When it comes to using equalisation in your productions it is imperative to understand how the slopes/gradients of the filters impact the equalisation process. Simply selecting an equaliser and boosting/cutting a sound is not enough. Understanding the importance of filter slopes and responses is as important as what type of equaliser you choose.
Slope or Gradient
Filters do not have a no-effect at a frequency and then instantly jump and suddenly reappear at the next frequency. They have to get there somehow. The way, and by how much, they get there is called the gradient or slope. In the case of the shelving filter, the most common slope is 6 dB gain change per octave (doubling of the frequency). It takes time for the filter to attenuate frequencies, in proportion to the distance from the cut-off point. This is the slope.
When cleaning, the slope of the eq/filter is as important as to where you set your cut-off. They can be designed with varying degrees of steepness expressed in dBs/octave where the more dBs, per octave, the steeper the filter. I always extend an eq's display to show a much broader range as this will invariably cover all the slopes. This then allows me to shape and match the eq slope to the response of the sound. This makes for a much smoother and accurate cut.
Let us take vocals as an example:
A drastic slope can be unnatural when filtering vocals whereas a smooth slope can help to get the vocals to sit more naturally in the mix. Again, this comes down to taste and subjectivity but there does come a time whereby the integrity of the signal will suffer and this is usually the time to back off. If a 24dB/octave slope is too drastic on vocals then back off and select a smoother slope, maybe 12dB/octave.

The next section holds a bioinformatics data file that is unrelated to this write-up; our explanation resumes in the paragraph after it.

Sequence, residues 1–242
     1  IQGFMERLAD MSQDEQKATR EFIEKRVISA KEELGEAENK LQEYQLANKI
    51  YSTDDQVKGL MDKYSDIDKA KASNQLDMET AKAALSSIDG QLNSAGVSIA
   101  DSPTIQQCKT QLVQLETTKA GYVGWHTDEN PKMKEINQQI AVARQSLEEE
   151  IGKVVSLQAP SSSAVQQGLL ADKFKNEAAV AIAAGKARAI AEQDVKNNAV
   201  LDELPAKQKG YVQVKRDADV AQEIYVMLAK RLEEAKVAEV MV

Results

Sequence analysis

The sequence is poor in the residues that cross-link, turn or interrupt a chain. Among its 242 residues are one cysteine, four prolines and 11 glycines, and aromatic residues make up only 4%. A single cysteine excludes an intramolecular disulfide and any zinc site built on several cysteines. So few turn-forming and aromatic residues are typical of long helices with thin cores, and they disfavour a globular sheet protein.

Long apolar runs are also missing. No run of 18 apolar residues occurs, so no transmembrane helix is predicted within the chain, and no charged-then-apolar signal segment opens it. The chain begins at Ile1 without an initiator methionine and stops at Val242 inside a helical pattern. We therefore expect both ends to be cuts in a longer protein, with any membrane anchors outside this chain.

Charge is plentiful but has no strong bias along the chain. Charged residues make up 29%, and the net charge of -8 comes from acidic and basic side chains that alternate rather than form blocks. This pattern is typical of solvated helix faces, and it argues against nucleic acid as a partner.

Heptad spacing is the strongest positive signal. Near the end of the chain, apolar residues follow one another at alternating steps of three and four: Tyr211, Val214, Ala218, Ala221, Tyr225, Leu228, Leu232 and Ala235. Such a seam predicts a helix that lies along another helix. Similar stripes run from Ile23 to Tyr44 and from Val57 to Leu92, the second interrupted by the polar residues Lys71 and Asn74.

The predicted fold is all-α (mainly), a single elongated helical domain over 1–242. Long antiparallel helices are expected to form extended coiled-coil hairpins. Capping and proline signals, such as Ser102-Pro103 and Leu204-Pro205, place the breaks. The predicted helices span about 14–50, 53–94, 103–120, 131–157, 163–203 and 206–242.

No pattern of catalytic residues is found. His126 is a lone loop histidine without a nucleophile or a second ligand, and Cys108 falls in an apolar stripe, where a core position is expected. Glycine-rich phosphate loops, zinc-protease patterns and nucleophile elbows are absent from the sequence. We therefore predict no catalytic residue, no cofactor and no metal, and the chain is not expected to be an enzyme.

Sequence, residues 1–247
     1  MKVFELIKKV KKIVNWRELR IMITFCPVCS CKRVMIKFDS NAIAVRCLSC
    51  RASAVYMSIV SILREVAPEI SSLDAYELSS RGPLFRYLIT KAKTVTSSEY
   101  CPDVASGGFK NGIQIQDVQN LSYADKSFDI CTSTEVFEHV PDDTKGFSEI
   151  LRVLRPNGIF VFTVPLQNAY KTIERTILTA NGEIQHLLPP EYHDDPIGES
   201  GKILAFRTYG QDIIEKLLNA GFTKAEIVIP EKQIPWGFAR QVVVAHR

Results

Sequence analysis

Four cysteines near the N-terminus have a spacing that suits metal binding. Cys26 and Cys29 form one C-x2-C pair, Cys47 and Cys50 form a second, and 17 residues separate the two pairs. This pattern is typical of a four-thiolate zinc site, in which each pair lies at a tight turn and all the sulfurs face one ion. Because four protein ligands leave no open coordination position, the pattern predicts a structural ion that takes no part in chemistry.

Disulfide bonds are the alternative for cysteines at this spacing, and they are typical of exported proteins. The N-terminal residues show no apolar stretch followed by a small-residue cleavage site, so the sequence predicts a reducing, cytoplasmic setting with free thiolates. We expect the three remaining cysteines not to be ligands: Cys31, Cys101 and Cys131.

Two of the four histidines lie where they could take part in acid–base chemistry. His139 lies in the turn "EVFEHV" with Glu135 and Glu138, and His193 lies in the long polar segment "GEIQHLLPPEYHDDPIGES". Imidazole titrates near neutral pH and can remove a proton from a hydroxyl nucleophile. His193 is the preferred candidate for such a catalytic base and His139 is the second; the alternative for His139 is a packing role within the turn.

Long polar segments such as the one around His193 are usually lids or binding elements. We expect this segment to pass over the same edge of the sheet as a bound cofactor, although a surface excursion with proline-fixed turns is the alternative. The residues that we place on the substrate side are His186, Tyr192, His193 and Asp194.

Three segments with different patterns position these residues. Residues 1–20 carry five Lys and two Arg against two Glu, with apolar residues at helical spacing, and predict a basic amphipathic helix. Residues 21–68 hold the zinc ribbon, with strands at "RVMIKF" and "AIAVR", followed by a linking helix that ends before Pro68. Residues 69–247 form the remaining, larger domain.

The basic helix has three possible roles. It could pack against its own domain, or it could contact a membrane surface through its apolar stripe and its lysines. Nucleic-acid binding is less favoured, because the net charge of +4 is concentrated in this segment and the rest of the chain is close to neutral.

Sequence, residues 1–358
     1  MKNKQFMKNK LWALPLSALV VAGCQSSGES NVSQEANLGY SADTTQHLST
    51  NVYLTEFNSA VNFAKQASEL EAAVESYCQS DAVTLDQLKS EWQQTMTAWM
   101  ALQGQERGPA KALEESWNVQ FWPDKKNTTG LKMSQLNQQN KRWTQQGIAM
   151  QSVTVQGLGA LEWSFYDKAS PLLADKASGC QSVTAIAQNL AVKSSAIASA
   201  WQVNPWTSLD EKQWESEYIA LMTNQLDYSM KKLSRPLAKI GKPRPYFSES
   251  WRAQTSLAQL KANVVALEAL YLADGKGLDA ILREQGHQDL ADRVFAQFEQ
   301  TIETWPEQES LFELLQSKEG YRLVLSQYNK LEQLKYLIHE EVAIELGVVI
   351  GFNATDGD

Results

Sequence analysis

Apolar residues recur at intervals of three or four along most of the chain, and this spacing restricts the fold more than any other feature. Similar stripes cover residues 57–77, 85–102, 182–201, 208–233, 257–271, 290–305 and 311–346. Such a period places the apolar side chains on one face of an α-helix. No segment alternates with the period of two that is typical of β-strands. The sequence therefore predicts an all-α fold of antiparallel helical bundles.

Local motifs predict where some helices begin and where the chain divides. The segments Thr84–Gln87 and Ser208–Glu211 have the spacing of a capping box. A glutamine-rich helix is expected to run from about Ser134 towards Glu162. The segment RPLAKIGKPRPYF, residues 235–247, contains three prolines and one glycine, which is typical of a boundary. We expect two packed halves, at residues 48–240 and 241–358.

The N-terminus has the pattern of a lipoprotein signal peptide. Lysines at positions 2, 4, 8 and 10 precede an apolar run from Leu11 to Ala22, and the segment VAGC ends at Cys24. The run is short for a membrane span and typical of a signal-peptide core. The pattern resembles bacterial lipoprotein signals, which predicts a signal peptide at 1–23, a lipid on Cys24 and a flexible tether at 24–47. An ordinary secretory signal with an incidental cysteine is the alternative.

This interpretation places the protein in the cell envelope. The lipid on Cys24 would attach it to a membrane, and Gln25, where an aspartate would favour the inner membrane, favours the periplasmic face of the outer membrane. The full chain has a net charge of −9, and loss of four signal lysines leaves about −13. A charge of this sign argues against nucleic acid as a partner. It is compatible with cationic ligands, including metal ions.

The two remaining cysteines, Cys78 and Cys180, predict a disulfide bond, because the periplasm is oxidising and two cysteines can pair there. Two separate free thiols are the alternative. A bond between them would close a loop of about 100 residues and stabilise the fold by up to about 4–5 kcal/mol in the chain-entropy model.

The trick with all cleaning chores is to find the 'biting point' (the cut-off) and then to select the right slopes leading to and away from the biting point. A very steep slope is perfect for brick-wall filtering but not very good for sounds that need a lead in/out. A short static sound, like a kick drum, can be brick-wall filtered but a vocal, for example, would require a gentler slope as 'lead in' frequencies are critical to how a sound is perceived and vocals do not like instant/abrupt cuts as they tend to sound gated and unnatural. Certain frequencies, even if not needed, are important to include as they form part of the sound and how it behaves. For example, we don't need sub-harmonics if we are using 50Hz for our kick drum. In fact, we could brick-wall cut everything below 50Hz but we might want to include the lead in from 45Hz to 50Hz so the kick comes in smoother. It is here where we would simply allow for a gentler slope instead of moving the bite point.
The lead in and out are governed by the slope/gradient. Quite often we will allow some sounds to have a slow progression to and away from the cut-off. Lead in allows frequencies below the cut-off to gently fade in based on what you select for the slope. The same process is applied but this time above the cut-off and we term this as lead out. Let me give you a simple example: if I am working on a vocal take I might want to cut everything below 200 Hz. If I place the eq node at 200 Hz and select a brickwall cut then almost everything is cut instantly below the cut-off value of 200 Hz. However, this type of aggressive cut using a very steep slope can be detrimental to the vocal take and a better approach might be to place the cut-off further up the spectrum, say 250 Hz, and use a gentler slope for the filter.
A great technique for achieving smooth transitions from filter to filter is to match the filter's slope to the response (shape) of the sound.
In the video I show you how to use an equaliser's spectrum analyser to ascertain critical information about the sound being processed. I explain how to select and match filter slopes to the sound's response (shape).